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It was written for Robert and also his brother Gilbert.

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And in the Church of Scotland usually you would have had a catechism,

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an instruction manual, where the questioner would say to the child,

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"Who is God? What is the Christian religion?" etc.

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This is slightly different, because the questions are asked by the child.

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And what we have here is something that maybe doesn't look or read

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all that striking to modern eyes, but in its day, in the late 18th century,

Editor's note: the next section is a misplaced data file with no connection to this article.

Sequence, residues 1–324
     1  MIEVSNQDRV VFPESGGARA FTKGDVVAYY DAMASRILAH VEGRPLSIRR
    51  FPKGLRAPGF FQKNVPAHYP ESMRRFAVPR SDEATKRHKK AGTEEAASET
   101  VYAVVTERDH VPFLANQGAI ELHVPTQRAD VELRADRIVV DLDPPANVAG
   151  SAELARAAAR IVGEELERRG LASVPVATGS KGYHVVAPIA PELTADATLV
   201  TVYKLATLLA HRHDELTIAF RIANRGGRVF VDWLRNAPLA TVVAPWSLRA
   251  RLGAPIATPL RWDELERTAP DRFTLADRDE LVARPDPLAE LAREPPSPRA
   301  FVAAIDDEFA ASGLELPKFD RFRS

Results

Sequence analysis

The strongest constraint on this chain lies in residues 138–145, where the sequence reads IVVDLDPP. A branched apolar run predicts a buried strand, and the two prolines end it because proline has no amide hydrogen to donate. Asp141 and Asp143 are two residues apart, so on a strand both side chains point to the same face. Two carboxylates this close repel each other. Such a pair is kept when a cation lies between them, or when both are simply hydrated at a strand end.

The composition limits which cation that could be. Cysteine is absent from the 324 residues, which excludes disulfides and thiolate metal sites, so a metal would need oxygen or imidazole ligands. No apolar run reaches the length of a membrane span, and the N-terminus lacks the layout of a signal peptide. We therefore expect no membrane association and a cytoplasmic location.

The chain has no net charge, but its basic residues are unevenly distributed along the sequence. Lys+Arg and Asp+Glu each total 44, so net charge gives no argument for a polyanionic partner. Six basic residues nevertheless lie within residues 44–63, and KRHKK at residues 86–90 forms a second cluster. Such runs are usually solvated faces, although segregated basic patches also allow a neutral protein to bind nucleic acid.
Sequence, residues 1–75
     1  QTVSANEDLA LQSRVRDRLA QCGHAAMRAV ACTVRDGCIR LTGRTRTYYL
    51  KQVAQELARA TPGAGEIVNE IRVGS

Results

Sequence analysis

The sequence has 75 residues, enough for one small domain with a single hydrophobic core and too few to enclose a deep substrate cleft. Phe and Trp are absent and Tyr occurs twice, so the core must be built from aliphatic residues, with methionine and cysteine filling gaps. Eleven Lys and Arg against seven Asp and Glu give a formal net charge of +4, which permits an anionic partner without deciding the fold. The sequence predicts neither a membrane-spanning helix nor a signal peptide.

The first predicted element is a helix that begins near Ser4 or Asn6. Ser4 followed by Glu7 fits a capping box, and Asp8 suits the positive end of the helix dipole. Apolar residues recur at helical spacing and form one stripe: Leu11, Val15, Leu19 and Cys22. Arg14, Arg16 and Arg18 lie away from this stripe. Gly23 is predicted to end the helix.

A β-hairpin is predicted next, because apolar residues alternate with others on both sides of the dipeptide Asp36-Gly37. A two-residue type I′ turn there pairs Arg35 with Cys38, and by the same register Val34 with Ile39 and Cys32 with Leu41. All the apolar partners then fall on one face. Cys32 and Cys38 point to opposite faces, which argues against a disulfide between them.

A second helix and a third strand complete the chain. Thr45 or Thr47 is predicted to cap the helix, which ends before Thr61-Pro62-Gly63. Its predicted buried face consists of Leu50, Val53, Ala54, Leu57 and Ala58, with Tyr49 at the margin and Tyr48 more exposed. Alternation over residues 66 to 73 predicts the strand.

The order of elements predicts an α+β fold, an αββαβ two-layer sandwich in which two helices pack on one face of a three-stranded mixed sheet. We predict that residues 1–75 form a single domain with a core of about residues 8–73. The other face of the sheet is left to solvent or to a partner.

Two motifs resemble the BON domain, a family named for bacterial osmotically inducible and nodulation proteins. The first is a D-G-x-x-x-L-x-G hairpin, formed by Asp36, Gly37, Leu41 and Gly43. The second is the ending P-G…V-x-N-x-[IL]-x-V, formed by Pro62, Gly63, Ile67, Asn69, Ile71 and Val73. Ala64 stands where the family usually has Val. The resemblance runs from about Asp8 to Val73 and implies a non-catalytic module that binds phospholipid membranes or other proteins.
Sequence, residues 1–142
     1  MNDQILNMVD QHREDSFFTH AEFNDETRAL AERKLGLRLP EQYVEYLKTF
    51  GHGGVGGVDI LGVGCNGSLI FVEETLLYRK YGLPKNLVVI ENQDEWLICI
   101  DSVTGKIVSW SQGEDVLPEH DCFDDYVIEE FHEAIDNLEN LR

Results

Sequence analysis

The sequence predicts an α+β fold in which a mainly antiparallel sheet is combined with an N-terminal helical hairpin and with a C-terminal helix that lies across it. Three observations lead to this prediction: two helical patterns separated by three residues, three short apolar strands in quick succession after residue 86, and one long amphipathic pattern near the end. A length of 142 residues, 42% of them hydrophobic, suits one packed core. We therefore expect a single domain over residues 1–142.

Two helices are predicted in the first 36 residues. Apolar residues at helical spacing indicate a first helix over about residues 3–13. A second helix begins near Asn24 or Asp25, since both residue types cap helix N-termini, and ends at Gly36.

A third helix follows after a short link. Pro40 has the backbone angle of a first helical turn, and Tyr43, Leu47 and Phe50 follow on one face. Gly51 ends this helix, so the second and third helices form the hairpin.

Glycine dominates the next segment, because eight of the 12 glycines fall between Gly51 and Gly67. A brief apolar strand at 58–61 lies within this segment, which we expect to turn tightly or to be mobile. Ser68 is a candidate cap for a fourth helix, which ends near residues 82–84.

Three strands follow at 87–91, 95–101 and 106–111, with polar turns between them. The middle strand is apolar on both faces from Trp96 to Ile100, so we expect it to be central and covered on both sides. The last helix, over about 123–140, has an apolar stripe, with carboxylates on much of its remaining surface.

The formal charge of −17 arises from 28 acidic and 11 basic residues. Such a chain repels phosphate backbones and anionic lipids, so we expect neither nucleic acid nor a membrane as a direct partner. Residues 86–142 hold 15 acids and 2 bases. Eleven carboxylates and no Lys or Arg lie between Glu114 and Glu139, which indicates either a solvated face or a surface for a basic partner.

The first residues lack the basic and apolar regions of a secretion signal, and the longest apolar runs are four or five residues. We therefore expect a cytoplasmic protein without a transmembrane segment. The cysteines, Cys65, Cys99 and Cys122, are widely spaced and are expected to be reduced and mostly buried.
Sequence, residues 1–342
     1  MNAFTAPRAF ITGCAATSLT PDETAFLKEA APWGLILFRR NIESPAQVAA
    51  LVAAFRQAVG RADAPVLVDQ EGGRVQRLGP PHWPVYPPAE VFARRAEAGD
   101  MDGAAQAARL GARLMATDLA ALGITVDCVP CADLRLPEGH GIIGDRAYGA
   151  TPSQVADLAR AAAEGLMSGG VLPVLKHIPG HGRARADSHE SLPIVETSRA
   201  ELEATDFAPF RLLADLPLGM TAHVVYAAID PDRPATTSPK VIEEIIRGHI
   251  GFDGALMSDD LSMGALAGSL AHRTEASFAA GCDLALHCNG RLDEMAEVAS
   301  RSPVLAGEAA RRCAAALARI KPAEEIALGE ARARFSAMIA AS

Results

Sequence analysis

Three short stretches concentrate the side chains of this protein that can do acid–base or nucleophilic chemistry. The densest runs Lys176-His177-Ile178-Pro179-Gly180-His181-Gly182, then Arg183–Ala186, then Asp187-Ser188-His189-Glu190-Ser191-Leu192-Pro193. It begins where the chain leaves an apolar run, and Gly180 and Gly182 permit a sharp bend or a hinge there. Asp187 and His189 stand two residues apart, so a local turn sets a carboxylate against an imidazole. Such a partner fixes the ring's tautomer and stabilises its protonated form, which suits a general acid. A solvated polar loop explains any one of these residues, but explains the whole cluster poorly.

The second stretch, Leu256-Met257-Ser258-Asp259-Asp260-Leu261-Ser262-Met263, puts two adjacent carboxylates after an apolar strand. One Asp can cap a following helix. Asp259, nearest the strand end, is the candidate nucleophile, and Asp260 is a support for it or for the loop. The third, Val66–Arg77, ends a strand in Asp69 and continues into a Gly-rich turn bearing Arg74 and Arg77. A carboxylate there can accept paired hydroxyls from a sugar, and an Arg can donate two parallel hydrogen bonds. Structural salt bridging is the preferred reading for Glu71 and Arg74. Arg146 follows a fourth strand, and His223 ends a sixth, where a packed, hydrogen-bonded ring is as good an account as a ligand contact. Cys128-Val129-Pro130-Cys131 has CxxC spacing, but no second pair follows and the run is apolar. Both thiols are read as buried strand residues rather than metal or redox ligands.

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it's emphasising love, it's emphasising reason,

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it tells us about repentance.

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The child says, "Why should we repent? How do we repent?"

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And the father says, "Well, we repent because we use our minds to work out

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"when we've done something wrong, because God has given us

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"that intelligence, that reason."

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One of the phrases that's reiterated in the manual of religious belief

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is "the moral law",